Nav: Home

New drug combination shows promise for common pediatric brain tumor

March 21, 2019

A new combination treatment aimed at resistant and recurrent low-grade gliomas slowed tumor growth and killed tumor cells in laboratory and mouse models.

Researchers at the Johns Hopkins Kimmel Cancer Center and the Johns Hopkins University School of Medicine combined carboplatin, a standard chemotherapy drug that works well against these brain tumors, and everolimus, which blocks an enzyme called mTOR that was shown in earlier research to fuel the growth of these tumors. The combination increased DNA damage and cell death in laboratory models. Their findings were published in the Feb. 14, 2019, issue of Neuro-Oncology.

Pediatric low-grade glioma is the most common brain tumor in children and can often be treated with surgery alone. However, some patients have tumors in locations that make surgery too risky, such as near optic nerves or in the mid-brain area, or have their tumors grow back after surgery.

Eric Raabe, M.D., Ph.D., associate professor of oncology and pediatric brain tumor expert at the Johns Hopkins Kimmel Cancer Center, says tumors recur in about 50 percent of patients treated for low-grade glioma and require additional treatment with chemotherapy. Recurring tumors are often resistant to chemotherapy. The researchers wondered whether combining carboplatin and everolimus would be more effective.

When treated with carboplatin alone, four different human cell lines of low grade glioma cancer cells did not respond to the drug or kept growing. Similarly, some cell lines were resistant to everolimus alone.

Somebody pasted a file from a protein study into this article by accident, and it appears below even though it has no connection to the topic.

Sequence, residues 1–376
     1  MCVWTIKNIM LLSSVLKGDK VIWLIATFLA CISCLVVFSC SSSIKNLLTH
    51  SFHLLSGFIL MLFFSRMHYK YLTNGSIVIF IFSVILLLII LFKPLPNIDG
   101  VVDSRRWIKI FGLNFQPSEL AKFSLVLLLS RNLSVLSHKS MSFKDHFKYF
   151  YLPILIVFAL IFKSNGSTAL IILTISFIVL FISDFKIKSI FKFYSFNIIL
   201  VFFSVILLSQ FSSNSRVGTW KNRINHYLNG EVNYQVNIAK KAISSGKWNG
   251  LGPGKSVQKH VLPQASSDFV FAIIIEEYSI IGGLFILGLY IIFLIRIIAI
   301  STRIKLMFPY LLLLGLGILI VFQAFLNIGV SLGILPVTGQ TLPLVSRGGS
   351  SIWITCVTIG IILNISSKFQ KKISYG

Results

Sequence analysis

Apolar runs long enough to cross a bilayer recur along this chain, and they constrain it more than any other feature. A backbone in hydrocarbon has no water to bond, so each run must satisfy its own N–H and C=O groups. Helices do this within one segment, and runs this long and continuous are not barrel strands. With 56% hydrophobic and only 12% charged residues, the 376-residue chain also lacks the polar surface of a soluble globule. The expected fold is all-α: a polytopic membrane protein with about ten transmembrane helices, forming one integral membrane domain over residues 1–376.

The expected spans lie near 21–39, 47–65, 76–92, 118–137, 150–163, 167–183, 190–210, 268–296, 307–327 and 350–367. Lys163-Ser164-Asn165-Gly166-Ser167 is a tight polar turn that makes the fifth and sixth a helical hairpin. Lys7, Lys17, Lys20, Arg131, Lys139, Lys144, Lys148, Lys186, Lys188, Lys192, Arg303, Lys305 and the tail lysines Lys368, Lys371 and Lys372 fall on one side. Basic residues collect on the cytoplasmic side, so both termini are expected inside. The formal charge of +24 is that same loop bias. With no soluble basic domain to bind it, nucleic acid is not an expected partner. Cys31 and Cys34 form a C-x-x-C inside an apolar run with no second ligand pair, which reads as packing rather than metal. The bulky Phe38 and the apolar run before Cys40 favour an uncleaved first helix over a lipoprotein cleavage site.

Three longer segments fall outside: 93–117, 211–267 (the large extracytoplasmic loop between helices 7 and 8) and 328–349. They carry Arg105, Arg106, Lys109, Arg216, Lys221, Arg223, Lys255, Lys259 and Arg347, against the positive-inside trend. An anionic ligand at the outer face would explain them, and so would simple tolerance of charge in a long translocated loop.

When they treated the same cell lines with a combination of carboplatin and everolimus, the cells died or grew slower, and the researchers saw similar results in mouse models with no added toxicity.

"We saw dramatic growth inhibition after only a low concentration of everolimus was combined with the carboplatin," says Raabe. "We found that everolimus disrupted a key mechanism the cancer cells use to detoxify carboplatin. The ability of everolimus to increase the power of carboplatin suggests this combination could be used effectively in patients."

In a previous clinical study in 2014, Raabe and other researchers were able to confirm the safety of the mTOR-blocking drug everolimus in patients with pediatric low-grade glioma and found some patients responded to the medicine. However, they never tested tumor tissue from those patients to understand the molecular role of mTOR.

"The current nationwide clinical study of everolimus in pediatric low-grade glioma requires that some tumor tissue from each patient be evaluated for expression of mTOR markers that might predict response to everolimus," Raabe says. "In this way, we hope to figure out who is most likely to respond to the drug, so that we can move closer to our goal of giving the right medicine to the right patient at the right time. In the future, we may be able to give everolimus along with carboplatin to patients with high-level mTOR expression. Based on our research, we predict that these tumors will likely be resistant to carboplatin unless we simultaneously block mTOR."
-end-
In addition to Raabe, other researchers in the study include Brad Poore, Ming Yuan, Antje Arnold, Antoinette Price, Jesse Alt, Jeffrey A. Rubens, Barbara S. Slusher and Charles G. Eberhart.

This work was supported by Johns Hopkins Institute of Clinical and Translational Sciences, the Sidney Kimmel Comprehensive Cancer Center, Giant Food Pediatric Cancer Research Fund, Imagine an Answer to Kids' Brain Cancer foundation, and A Kids' Brain Tumor Cure foundation.

There were no conflicts of interest in connection with this study.

Johns Hopkins Medicine

Related Chemotherapy Articles: